THE MAGAZINE

Security Consultant Perspective

By Matthew Harwood

What were other potential benefits of this kind of reorganization?

A long time ago, the DoD set up the Defense Logistics Agency. What does that mean? That means that those things that are common across Army, Navy, Air Force, and Marine Corps are procured commonly. You have tremendous efficiencies in cost savings. That doesn’t happen at DHS. For example, why does everyone have their own car fleets? Why does everybody buy their own uniforms? The department is currently not benefitting from efficiencies in logistics like the military.
I’ve watched the budget for the past couple of years. The departments got hit hard. In this situation, you have to make every dollar count. You’ve got to figure out ways to take some extraordinary action to increase the efficiency of the operating force. That’s why I really believe the timing for this type of move is now. When you work in DHS, you quickly come to realize that it has essentially one large IT system. Many databases with different program managers in different agencies focused on their specific program with their own budgets, but for the most part they are all interoperable. This begs for centralized management and control to optimize every dollar being spent across the enterprise.

What do you see as DHS’s cybersecurity role?

The government is very proud, and rightly so, of spending a lot of money on cybersecurity. And it’s going to harden the .mil networks and a big chunk goes to DHS to harden the .gov networks, but we have to structure the role of the government to set up partnerships with the private sector. I’m interested in cybersecurity operations centers. These centers would be local or regional and capable of remote sensing and protection. They would alert their subscribers if they were vulnerable and warn them to take the necessary defense. These could be public-private partnerships in the case of state and local governments, or privately run operations that are willing to invest in this concept if there’s a business case.

How prepared are American businesses for cyberattacks?

I personally believe most people don’t know. Unless you’re really big and can afford to do cybersecurity properly, you don’t do it or implement marginal protection. Part of the process that has to happen is learning and education, and I think that is happening. Two years ago, I think most people dismissed this thing out of hand. You can’t read the paper any week without seeing examples. So I think the education is starting to happen. And I really believe that most people are going to opt for a fee for service. Sometime in the future, I believe I’ll have a sign outside my house: “My computer networks are protected by X.”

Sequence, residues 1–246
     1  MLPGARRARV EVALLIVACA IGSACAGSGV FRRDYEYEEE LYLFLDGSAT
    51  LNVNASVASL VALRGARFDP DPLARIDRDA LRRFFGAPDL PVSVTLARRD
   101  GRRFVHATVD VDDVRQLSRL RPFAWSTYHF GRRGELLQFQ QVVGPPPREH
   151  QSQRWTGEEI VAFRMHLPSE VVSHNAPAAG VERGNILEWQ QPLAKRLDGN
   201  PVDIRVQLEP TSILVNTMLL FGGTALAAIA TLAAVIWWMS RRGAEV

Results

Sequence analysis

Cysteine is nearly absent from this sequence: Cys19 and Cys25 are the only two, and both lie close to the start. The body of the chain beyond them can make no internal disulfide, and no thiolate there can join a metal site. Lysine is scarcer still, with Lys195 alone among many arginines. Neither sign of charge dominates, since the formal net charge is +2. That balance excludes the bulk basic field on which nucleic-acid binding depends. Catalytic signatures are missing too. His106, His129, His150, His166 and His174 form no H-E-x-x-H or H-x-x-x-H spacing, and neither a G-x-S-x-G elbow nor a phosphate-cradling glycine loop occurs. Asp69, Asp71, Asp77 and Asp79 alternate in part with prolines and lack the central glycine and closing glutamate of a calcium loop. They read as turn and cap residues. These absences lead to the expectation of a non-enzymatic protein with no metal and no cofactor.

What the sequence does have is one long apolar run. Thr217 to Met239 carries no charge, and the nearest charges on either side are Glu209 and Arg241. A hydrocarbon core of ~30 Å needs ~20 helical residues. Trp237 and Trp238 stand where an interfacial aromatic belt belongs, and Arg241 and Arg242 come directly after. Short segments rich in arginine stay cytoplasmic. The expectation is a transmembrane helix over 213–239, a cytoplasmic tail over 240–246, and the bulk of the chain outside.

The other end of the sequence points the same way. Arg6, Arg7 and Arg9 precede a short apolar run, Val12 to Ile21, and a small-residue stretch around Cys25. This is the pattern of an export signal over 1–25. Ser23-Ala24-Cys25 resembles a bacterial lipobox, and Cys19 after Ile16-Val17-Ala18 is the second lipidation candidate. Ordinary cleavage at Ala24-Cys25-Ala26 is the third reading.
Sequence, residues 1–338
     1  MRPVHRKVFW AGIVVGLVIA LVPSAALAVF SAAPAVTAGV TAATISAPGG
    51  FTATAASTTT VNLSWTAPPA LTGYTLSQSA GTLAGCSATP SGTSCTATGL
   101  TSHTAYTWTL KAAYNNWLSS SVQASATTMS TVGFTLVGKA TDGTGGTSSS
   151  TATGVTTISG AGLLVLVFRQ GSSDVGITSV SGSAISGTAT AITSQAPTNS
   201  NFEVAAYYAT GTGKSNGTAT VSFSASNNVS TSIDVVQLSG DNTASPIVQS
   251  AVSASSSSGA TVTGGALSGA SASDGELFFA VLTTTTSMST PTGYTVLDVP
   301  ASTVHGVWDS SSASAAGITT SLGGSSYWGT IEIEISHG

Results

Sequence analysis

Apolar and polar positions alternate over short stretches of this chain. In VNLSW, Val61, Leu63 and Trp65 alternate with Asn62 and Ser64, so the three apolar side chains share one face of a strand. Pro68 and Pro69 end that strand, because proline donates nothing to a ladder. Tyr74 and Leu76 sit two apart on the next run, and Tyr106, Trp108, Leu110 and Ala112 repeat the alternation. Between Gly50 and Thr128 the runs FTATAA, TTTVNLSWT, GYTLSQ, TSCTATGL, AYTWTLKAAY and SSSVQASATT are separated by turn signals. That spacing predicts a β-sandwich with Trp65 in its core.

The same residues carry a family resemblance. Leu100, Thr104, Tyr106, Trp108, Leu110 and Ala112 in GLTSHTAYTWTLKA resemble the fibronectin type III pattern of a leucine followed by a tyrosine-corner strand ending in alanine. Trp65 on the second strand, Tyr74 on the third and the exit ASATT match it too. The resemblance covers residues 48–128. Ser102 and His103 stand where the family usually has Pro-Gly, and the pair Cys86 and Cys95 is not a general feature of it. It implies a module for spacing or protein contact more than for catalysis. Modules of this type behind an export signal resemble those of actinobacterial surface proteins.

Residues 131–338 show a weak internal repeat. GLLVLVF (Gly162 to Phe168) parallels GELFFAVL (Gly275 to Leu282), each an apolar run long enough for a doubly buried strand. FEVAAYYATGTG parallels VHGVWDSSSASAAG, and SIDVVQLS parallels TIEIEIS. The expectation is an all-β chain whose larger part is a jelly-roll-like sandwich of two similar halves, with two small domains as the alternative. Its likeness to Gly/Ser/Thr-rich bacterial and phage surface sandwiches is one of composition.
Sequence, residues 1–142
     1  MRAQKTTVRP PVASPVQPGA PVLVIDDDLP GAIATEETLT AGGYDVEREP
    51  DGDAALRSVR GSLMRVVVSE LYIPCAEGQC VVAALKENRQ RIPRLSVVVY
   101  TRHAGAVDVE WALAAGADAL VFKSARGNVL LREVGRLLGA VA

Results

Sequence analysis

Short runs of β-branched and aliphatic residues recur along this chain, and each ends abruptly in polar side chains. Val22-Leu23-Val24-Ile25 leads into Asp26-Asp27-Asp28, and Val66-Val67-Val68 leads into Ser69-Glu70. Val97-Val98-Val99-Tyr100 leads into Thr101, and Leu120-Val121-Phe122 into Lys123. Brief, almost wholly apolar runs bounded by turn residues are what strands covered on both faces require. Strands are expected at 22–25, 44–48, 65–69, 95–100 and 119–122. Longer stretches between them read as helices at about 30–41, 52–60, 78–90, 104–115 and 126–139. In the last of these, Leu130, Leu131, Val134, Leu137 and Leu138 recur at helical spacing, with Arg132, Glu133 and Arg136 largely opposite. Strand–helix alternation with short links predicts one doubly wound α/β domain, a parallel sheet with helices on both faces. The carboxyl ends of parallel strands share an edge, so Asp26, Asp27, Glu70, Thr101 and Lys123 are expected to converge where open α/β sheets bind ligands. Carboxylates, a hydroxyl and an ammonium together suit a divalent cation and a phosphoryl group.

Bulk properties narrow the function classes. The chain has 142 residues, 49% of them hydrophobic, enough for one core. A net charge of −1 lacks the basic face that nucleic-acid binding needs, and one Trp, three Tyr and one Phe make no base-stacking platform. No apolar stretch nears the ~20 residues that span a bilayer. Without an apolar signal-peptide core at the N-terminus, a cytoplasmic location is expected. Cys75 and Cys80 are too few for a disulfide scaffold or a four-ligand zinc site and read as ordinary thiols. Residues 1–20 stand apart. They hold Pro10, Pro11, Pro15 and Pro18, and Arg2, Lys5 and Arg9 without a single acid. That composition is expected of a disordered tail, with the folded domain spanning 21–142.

What’s your nightmare vulnerability that gives you pause?

I worry about a cyberattack—a long, persistent cyberattack. Just think of this: If you’re up in the Northeast in the middle of February and someone really does some serious damage to the utilities. This is not just an eight-hour or two-day power outage. This is long term. People die. And if you can’t find the attribution and figure out how to fix it, then I think the government is in extremis.

One of the things at DHS we were always worried about was emergency response. So we did lots and lots of exercises, like what would happen if an anthrax attack happened here? What would happen if a nuclear device went off in the city? The fact is that, by and large, you have a pretty good handle on what you have to do afterwards. You quarantine the space. You treat survivors. You care about the wind and what direction it’s blowing and decontamination. There are many protocols that are set up to respond. It would be an absolutely terrible situation with tremendous death and destruction. But the fact of the matter is you have the response.

But what happens if the financial industry is under sustained cyberattack? People have no money. People can’t use credit cards. What do you do? What is the federal government’s role in that versus the banking sector’s role? While these things have been clearly identified as critical infrastructure, I am not sure how realistic the plans to respond to such a cyberthreat are. That’s why we have to get real serious about what those next steps are. I don’t think people really understand this in terms of what the threat could ultimately be to them, personally and financially. In many cases, a catastrophic cyberattack is much more serious than a nuclear attack.
 

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